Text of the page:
Fairer Than Morning is receiving wonderful reviews - Library Journal said, "A well-written historical series debut…". Read more reviews here.
Be sure to join the fun and enter the Kindle contest -
One winner will receive:
* Kindle with Wi-Fi
* Fairer Than Morning (for Kindle)
To enter just click one of the icons below. But, hurry, giveaway ends on 9/19. Winner will be announced on 9/20 at Rosslyn's Book Club Facebook Party. Details and official rules can be found when entering the contest.
Then be sure to RSVP for Rosslyn's Facebook Party! During the party Rosslyn will be chatting with guests, hosting a book chat about Fairer Than Morning (don't worry if you haven't read the book yet - you could win a copy!) & historical Fiction, testing your trivia skills. She'll also be giving away that $200 gift certificate toward a FABULOUS custom-made period dress from Recollections!
Thursday, September 01, 2011
“A wonderful love story in the American Tapestries series with characters who are trying to pick up the pieces of their shattered lives after the War of 1812. Daley turns the ugliness of war into a new beginning for the ones who pick up the pieces. Her characters are willing to do what they need to in order to survive, but also are willing to give a friendly hand to those around them.” -- Patsy Glans from RT
Releasing today, September 1st!
From Summerside Press.
Learn more about it here!
From This Day Forward
By Margaret Daley
Rachel Gordon is stranded in South Carolina, pregnant, a recent widow when her husband fell overboard on the voyage to America. Nathan Stuart, a physician who came home from serving in the American army during the War of 1812, disenchanted with his life and the Lord, rescues Rachel and saves her life. Feeling responsible for her, Nathan tries to discourage her from living at a rundown farm her husband bought to start a new future in America. He wants her to return to England.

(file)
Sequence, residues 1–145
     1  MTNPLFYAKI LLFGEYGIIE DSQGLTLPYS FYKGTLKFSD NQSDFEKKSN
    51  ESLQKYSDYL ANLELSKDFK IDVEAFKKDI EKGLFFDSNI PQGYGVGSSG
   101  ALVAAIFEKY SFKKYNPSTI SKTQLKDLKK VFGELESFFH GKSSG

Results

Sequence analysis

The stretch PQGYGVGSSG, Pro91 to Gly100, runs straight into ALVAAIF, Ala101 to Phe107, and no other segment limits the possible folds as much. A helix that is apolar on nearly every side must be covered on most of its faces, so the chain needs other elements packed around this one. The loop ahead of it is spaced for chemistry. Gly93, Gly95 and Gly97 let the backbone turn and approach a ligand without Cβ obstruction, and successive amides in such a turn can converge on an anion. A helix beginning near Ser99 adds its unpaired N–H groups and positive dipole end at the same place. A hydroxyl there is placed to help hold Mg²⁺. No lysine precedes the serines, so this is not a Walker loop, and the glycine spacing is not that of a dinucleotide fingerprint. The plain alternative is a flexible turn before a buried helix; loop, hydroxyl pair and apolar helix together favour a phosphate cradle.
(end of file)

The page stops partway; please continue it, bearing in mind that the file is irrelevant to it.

Rachel refuses to go back to England where her father disowned her for marrying against his wishes. The farm is all she has, and she is determined to make it on her own. But Nathan has other ideas and becomes her farmhand to discourage her from staying in America. Instead he ends up protecting her and being challenged by her. Can two wounded people heal each other?
Chapter One Excerpt:
“We are going to die,” Rachel Gordon’s young maid cried out.
Rachel looked up at the clouds rolling in. Dark, ominous ones. She shivered and pulled her shawl tighter about her as the breeze picked up. A storm brewed, and she still had several miles to go until she reached her new home in South Carolina. “God willing, we will make it, Maddy.”
Fear deepened the lines on Maddy’s plain face. “’Tis like the squall on the boat.”
Lightning flashed, momentarily brightening the shadows of the forest. A clap of thunder rumbled the ground. Maddy screamed. The old gelding that pulled the cart—all Rachel’s meager coins could afford—increased its speed, weaving from side to side. Out of control.
Determined to be there before nightfall and in one piece, Rachel gripped the reins and fought to slow the maddening pace of the horse. Finally it resumed its plodding step. The weather-beaten cart she had bought near the dock in Charleston hit a bump in the road, jostling her into Maddy. Her maid clutched the seat with one hand and held onto Rachel with the other.
Steadying herself, Rachel rested her wrists on her rounded stomach. She had more than herself and Maddy to worry about now. Her life had changed so much since she left her ancestral home in England. She had married, conceived a child, and was now a widow, all in the space of a year. And worse, she was going to a place she had never seen because she had nowhere else to go. Her husband had used most of their money to purchase this plantation she was traveling to. It was her future, whether she wanted it to be or not.